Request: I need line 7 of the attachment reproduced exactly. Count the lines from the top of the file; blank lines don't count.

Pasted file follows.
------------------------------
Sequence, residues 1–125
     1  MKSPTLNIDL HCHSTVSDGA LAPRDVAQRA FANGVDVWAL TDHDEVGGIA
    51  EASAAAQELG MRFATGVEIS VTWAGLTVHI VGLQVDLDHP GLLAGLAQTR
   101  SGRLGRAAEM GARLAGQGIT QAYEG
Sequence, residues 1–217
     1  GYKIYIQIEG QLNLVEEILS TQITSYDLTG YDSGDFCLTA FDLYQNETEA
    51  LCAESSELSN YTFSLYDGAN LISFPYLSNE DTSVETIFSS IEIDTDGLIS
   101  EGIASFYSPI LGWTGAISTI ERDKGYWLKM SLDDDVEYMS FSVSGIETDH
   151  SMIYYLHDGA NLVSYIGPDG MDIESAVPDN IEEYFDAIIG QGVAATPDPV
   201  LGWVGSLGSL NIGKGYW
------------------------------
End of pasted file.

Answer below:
    51  LCAESSELSN YTFSLYDGAN LISFPYLSNE DTSVETIFSS IEIDTDGLIS